ERCKMAN v. U.S - 416 U.S. 909 (1974)
U.S. Supreme Court
ERCKMAN v. U.S , 416 U.S. 909 (1974)
416 U.S. 909
Supreme Court of the United States
April 1, 1974
On petition for writ of certiorari to the United States Court of Appeals for the Seventh Circuit.
The petition for a writ of certiorari is denied.
Mr. Justice MARSHALL, with whom Mr. Justice BRENNAN joins, dissenting.
Petitioner was convicted after a jury trial of three counts of willfully filing false income tax returns in violation of 7206(1) of the Internal Revenue Code, 26 U.S.C. 7206(1). An important prosecution witness at trial was Internal Revenue Special Agent Eugene Konrad, who had interviewed petitioner about his tax returns before the prosecution was instituted and whose
testimony played a major role in establishing the willfullness of petitioner's acts. To facilitate his cross-examination of Konrad, petitioner moved under the Jencks Act, 18, U.S.C. 3500, for production of Konrad's report to the Chief of the Intelligence Division of the Internal Revenue Service in Chicago concerning the interview. Following the in camera examination mandated by 3500(c), the District Court refused to order production of the report on the ground that 'there is no material . . . in the special agent's report . . . that is reasonably necessary for the defendant's use in making adequate trial preparation.'
The Court of Appeals correctly held that 'this was an improper test' to apply to determine whether a statement must be produced under 3500. The court, following its recent decision in United States v. Cleveland, 477 F.2d 310, 315-316 (CA7 1973), found that the agent's report was a 'statement' within the meaning of the Jencks Act, 3500(e), see also Clancy v. United States, 365 U.S. 312 (1961), and that it therefore must be produced if it 'relates to the subject matter as to which the witness has testified.' 3500(b). Since the Court of Appeals found that 'some of it clearly relates to the subject matter of his testimony,' it held that Konrad's report should have been produced for the petitioner's use in cross-examination.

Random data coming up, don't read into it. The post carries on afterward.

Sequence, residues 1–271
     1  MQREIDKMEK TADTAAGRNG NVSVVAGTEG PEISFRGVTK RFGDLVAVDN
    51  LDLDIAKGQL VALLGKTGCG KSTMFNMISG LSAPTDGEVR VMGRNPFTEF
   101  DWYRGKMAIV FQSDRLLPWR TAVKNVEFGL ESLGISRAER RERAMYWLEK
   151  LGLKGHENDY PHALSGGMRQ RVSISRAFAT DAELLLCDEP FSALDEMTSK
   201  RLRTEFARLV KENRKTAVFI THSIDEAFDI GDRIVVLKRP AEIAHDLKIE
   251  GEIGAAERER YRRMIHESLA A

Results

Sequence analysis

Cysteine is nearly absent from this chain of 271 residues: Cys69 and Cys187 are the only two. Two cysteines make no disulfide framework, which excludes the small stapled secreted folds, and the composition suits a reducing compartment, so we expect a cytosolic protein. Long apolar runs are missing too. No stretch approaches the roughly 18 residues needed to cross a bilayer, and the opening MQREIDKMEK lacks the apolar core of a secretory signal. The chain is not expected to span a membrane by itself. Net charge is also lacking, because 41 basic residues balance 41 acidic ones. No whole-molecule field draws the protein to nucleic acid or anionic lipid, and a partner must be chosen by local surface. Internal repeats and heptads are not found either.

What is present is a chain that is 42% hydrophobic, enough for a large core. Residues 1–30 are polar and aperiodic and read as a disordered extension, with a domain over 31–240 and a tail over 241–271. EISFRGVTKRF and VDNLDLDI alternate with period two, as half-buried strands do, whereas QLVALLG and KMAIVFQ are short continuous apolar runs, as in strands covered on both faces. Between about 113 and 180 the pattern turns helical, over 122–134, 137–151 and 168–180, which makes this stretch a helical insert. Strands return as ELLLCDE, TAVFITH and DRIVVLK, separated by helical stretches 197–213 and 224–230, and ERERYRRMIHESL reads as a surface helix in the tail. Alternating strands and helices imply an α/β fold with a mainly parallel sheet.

But the Court of Appeals then went on to conclude, on the basis of its own examination of the report and without permitting petitioner's counsel to see it, that 'the report would have been of no assistance to defendant' and that 'there was no inconsistency between Konrad's report and his testimony at trial.' It therefore held the failure to produce the report to be harmless error. As to this point, Judge Fairchild disagreed, saying that he would 'give defense counsel an opportunity [416 U.S. 909 , 911]